With more than 50 per cent of Africa’s urban dwellers connected to the Internet, the continent of Africa is changing. Changing irreversibly.
In Lions go Digital: The Internet’s transformative potential in Africa, respected global consultancy group McKinsey reveals remarkable findings of a continent with massive growth potential, and with ICT at the centre of it all.
By 2025, internet penetration in the continent will rise from 16 per cent today to more than 50 per cent, or 600 million users. The contribution of internet to GDP will skyrocket from $18 billion today to $300 billion. E-commerce sales will hit $75 billion and productivity gains will exceed $300 billion.
Millionaires in Nigeria, Kenya and Angola will more than double by 2030, boosting the prospects for private banking in Africa, according to research firm New World Wealth.
Millionaires in Nigeria, Africa’s biggest oil producer, will rise 174% to 43,000 from 15,700 this year, the UK-based company said, after using a sample of high-net-worth individuals and World Bank data to compile a report.
That television news report by the BBC’s Michael Buerk in 1984 framed Ethiopia for a generation as a place of famine and in need of salvation.
Almost 30 years later the country is hailed by pundits as an “African lion” after a decade of stellar economic growth.
Now further evidence of its turnaround has arrived with research showing that Ethiopia is creating millionaires at a faster rate than any other country on the continent.
The number of dollar millionaires in the east African nation rose from 1,300 in 2007 to 2,700 by September this year, according to New World Wealth, a consultancy based in the UK and South Africa.
That figure puts the country well ahead of Angola, up by 68 per cent, and Tanzania, which had a 51pc increase. Zambia and Ghana completed the top five.
On apartheid rule:
“We are extricating ourselves from a system that insulted our common humanity by dividing us from one another on the basis of race and setting us against each other an oppressed and oppressor. That system committed a crime against humanity.” — Speech in Pretoria upon receipt of a report from the Truth & Reconciliation Commission, which investigated apartheid-era atrocities. Oct. 29, 1998
“Racism is a blight on the human conscience. The idea that any people can be inferior to another, to the point where those who consider themselves superior define and treat the rest as sub-human, denies the humanity even of those who elevate themselves to the status of gods.” — Address to the UK’s Joint Houses of Parliament, July 11, 1996.
On his opposition to apartheid:
“During my lifetime I have dedicated myself to this struggle of the African people. I have fought against white domination, and I have fought against black domination. I have cherished the ideal of a democratic and free society in which all persons live together in harmony and with equal opportunities. It is an ideal which I hope to live for and to achieve. But if needs be, it is an ideal for which I am prepared to die.” — Statement at the opening of his defense in the Rivonia treason trial, April 20, 1964.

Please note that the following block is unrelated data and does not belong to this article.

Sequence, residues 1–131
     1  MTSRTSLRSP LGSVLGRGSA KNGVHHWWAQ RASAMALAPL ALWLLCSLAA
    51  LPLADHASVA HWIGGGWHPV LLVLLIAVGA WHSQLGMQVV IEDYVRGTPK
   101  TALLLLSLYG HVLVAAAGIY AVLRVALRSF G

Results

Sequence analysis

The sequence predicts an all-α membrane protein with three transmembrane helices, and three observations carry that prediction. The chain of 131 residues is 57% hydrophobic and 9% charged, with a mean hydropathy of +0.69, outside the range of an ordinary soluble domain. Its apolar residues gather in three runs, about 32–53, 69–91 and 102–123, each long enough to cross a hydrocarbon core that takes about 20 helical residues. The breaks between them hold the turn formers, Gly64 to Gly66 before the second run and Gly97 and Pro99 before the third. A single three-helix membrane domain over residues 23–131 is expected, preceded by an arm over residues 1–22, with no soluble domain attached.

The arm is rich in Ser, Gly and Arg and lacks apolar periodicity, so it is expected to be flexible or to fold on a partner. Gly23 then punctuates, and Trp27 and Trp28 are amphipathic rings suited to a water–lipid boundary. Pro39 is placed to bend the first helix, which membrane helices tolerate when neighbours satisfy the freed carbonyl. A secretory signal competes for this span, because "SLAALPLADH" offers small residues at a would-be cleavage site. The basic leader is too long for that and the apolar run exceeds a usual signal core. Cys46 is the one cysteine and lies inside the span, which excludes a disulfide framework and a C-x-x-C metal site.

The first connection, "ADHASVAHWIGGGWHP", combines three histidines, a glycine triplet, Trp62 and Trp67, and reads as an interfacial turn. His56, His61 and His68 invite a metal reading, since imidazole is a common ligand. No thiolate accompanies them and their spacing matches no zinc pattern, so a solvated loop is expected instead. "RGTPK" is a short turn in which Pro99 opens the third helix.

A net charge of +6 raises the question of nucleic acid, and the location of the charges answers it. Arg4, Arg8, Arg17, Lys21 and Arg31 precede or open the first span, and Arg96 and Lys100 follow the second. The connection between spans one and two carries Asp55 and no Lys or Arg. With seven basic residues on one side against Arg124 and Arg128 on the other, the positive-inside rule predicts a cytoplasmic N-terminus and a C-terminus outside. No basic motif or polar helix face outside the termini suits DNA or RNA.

On human solidarity:
“As the years progress one increasingly realizes the importance of friendship and human solidarity. And if a ninety-year-old may offer some unsolicited advice on this occasion, it would be that you, irrespective of your age, should place human solidarity, the concern for the other, at the centre of the values by which you live. ” — Lecture in Kliptown, Soweto on July 12, 2008.
“Overcoming poverty is not a gesture of charity. It is an act of justice. It is the protection of a fundamental human right, the right to dignity and a decent life. While poverty persists, there is no true freedom.” — Speech delivered in Johannesburg, July 2, 2005.
We will not be posting today in the memory of Nelson Mandela. May he become immortal.
West African Ceramics Ltd. (WACL), a leading local manufacturer of standard ceramic tiles, has announced plans to invest over $50 million in the establishment of a state-of-art ceramic tile factory in Ogun State, western Nigeria.
The plan to establish a ceramic tile plant in the nearest future was necessitated by the rising demand for European standard quality tiles in Nigeria and across the sub-Saharan West African region, said WACL’s Group Executive Director, Alhaji Lawal Idirisu. According to Idirisu,
“The market demand for quality tiles as obtainable in European countries such as Spain and Italy is rising on an alarming rate owing to the trends in the home, property, and real estate industry.”
“Although the company’s factory in Ajaokuta, Kogi State is fully operational to capacity, meeting both domestic demands and export to the West African market; the company has been proactive based on consumer and industry insight, and research to establish another production plant,” he added.